• How should a manager give feedback to employees about their performance?
  • How should an employer deal with unions?
  • What are the legal constraints in how managers deal with employees?
  • How should an organization be structured to maximize its likelihood of success?

These are merely a few of the concerns of the human resource specialist. These issues are so important that they may determine the fate of the organization, and the human resources major prepares students to handle these decisions wisely and professionally.

Human resource specialists find it rewarding to know their work has a direct, immediate impact on their organization.

Careers in Human Resources

Some examples of careers in the HR field can be found here.


The Management major is designed for those students who seek a business education and do not wish to narrow their focus to a specific functional area. Students within the major have significant flexibility to take a collection of courses from accounting, finance, human resource management, marketing, management and operations management.

You do not have to be a specialist in order to obtain a good position with an employer after graduation. Many employers prefer to hire individuals with a broad range of education, given that students complete a high number of senior classes in the functional areas to enhance their knowledge base. Individuals with broad skills may be more suited to adapt to today’s rapidly changing business environment than those with a narrower background of education.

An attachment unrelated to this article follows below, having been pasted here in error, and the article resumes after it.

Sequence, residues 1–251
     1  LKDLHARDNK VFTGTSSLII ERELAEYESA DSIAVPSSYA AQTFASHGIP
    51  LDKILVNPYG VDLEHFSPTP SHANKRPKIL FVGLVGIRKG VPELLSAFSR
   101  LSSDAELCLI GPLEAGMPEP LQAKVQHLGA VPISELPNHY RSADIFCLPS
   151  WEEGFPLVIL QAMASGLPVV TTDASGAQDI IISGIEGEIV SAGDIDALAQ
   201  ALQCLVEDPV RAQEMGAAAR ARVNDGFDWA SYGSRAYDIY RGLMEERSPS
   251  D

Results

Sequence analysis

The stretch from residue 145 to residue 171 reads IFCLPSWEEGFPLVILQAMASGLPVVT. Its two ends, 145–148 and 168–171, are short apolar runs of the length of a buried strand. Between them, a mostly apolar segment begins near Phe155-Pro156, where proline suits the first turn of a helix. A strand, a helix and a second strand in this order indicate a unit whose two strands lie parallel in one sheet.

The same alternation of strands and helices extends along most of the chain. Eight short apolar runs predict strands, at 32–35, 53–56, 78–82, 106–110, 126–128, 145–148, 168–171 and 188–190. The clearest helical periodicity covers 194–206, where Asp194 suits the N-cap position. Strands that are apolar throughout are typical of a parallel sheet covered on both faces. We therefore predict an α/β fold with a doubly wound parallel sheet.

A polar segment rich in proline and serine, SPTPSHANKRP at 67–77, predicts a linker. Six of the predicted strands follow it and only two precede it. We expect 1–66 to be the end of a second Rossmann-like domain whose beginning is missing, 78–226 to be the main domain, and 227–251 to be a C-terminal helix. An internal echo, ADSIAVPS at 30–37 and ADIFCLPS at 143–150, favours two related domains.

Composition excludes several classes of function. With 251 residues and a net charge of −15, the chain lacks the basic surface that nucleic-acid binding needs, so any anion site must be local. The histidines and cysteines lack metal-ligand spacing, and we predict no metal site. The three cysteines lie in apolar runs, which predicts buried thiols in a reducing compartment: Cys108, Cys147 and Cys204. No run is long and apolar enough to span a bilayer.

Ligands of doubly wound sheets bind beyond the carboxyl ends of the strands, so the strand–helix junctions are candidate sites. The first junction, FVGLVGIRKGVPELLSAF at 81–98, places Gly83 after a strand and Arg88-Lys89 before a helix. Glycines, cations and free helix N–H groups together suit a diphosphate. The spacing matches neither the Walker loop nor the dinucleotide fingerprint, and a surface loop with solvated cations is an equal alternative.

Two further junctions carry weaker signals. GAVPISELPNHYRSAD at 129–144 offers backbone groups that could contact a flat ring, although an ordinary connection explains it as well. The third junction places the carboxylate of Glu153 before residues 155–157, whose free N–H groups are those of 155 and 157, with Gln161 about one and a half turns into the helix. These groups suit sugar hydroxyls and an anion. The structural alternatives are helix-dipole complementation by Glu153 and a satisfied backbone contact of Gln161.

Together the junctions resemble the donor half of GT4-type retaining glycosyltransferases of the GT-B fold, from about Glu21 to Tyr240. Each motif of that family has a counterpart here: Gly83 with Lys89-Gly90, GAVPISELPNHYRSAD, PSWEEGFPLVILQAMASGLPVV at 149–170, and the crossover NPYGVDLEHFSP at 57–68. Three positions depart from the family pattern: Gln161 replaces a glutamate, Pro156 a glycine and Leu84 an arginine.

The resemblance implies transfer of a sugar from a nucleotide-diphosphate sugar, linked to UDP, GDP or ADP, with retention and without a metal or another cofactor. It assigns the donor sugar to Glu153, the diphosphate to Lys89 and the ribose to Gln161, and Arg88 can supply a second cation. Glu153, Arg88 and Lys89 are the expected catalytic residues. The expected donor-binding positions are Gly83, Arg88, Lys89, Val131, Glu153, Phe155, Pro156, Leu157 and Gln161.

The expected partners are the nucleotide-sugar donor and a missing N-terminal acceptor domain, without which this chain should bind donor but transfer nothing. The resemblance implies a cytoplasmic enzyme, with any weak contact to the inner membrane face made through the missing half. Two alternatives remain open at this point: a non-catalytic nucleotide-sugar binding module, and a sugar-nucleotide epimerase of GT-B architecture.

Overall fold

If your interests range across the many areas of business, the Management major is right for you.

Careers in Management

Some examples of careers in the Management field can be found here.


Marketing is part of every aspect of your daily life. The package design of the goods and services you buy, the atmosphere of the stores where you shop, and the radio and television commercials you hear are created by marketers. You, yourself use marketing when you craft your resume to sell your skills to potential employers.

The Marketing major covers a broad array of these marketing topics, strategies, and skills, ranging from conducting marketing research to managing brands to understanding consumer behaviour to creating successful advertising campaigns.

Individuals who are successful marketers tend to be excellent communicators, possess good analytical and decision-making skills, and enjoy working with a variety of different people. If you have these abilities and interests, consider starting your career in marketing at the Edwards School of Business.

Careers in Marketing

Some examples of careers in the Marketing field can be found here.

Operations Management

Operations Management (OM) deals with the management of all activities directly related to the design and delivery of services, manufacturing and production of goods, and management of supply chains. It is a functional area responsible for satisfying customer needs and requirements, the efficient management of processes, and the transformation of raw materials and inputs into consumer goods and services. The success of world class quality, productivity, and efficiency in the production and delivery of goods and services to customers has been and continues to be a critical challenge for managements of all organizations.

If you are interested in distribution, purchasing, materials management, forecasting, supply chain management, logistics or total quality management, in manufacturing or service organizations, this field provides challenging and exciting career opportunities for you.

Careers in Operations Management

Some examples of careers in the Operations Management field can be found here.